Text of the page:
Goldman buoyed by 140% fee forecast

Discussion in 'Wall St. News' started by ASusilovic, Jul 3, 2009.

  1. Goldman Sachs has recorded the largest quarter-on-quarter increase in investment banking revenues among its global rivals this year, according to new research, with fee income more than doubling in the three months to the end of June compared to the first quarter.

    Revenues from debt and equity underwriting, and mergers and acquisitions at Goldman Sachs hit $1.31bn (€931m) in the second quarter, a 143% increase on the first three months of the year, while the world’s top bank’s on average recorded a 64% increase over the period, according to Morgan Stanley analysis of Dealogic data.

    Equity capital market was largely responsible for the increase in Goldman Sachs’s performance, with revenues rising 1,338% in the second quarter to $850m, while the bank’s M&A income fell 15%.

    Goldman is due to release its second quarter results on July 14. The bank declined to comment.

    The world’s largest fee earner remains JP Morgan, which made $1.7bn over the last three months, a 111% increase on the $804m it made in the first quarter, while Bank of America Merrill Lynch completes the top three with a fee income for the period of $1.02bn, up 65%.

    Morgan Stanley analysts wrote: “Whilst these are just the ‘IBD’ part of the business, we think they are directionally illustrative of what else we see, with a flourishing range of businesses – such as credit, equities and commodities.”

    Europe’s best performing bank in terms of the percentage increase in its investment banking fee income was Calyon, which recorded a 66% increase taking its revenues to $192m, while Credit Suisse made the most money of any bank in the region, generating fees worth $791m.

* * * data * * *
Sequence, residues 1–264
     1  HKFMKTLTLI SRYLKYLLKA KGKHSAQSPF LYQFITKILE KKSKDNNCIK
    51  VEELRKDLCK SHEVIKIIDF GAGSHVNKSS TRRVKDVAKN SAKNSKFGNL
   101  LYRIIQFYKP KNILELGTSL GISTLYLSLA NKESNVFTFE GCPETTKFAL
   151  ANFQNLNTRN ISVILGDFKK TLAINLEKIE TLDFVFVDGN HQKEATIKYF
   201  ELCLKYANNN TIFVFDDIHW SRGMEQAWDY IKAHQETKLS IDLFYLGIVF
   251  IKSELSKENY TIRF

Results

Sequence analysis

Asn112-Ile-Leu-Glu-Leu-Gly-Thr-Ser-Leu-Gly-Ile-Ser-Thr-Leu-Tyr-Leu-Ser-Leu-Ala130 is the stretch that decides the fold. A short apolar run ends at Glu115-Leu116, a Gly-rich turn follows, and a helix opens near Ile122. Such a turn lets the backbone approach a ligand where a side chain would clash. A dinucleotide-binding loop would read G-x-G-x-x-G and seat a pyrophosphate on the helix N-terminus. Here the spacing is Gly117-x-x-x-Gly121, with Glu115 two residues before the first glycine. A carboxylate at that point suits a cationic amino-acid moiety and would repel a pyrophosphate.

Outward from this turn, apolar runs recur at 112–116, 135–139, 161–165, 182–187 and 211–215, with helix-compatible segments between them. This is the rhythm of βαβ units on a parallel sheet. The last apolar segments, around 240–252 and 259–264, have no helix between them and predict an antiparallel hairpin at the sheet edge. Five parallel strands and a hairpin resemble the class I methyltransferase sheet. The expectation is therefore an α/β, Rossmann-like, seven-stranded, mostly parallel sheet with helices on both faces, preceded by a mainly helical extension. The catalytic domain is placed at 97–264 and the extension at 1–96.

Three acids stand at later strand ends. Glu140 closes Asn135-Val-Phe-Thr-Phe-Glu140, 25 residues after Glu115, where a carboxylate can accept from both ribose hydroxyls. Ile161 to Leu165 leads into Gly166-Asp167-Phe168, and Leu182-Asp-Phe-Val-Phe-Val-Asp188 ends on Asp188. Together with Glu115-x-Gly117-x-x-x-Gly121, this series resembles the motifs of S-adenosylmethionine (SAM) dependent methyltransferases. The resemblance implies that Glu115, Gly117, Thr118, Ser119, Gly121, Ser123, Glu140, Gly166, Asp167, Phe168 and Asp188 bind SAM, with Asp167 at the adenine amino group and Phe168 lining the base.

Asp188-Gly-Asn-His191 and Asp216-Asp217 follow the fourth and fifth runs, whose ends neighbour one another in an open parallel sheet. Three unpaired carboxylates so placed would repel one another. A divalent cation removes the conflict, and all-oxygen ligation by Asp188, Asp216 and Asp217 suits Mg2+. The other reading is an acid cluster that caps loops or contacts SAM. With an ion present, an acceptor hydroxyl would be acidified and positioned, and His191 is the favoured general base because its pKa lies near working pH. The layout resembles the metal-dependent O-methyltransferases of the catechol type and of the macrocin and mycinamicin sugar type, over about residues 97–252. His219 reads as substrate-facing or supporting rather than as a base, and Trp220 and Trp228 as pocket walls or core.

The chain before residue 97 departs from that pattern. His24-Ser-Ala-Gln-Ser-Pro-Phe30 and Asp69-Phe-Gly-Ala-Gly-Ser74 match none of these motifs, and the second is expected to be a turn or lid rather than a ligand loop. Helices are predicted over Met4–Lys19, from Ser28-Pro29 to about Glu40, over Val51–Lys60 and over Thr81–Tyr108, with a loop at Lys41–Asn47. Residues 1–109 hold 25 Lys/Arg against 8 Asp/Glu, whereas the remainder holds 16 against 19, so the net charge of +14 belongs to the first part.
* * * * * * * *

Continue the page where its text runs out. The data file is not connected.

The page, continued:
Credit Suisse is part of a group of banks, including JP Morgan and Deutsche Bank, that Morgan Stanley has called ‘flow monsters’, which have won a disproportionate share of investment banking fees so far this year.
  2. Goldman to make record bonus payout

    The following correction was printed in the Observer's For the record column, Sunday June 28 2009

    In the article below, we made reference to "guaranteed rewards that were paid over three years". In fact, Goldman Sachs has a policy of not paying multi-year guarantees, and variable compensation for its employees has always been driven by the performance of the firm.

    Staff at Goldman Sachs staff can look forward to the biggest bonus payouts in the firm's 140-year history after a spectacular first half of the year, sparking concern that the big investment banks which survived the credit crunch will derail financial regulation reforms.

    A lack of competition and a surge in revenues from trading foreign currency, bonds and fixed-income products has sent profits at Goldman Sachs soaring, according to insiders at the firm.

    Staff in London were briefed last week on the banking and securities company's prospects and told they could look forward to bumper bonuses if, as predicted, it completed its most profitable year ever. Figures next month detailing the firm's second-quarter earnings are expected to show a further jump in profits. Warren Buffett, who bought $5bn of the company's shares in January, has already made a $1bn gain on his investment.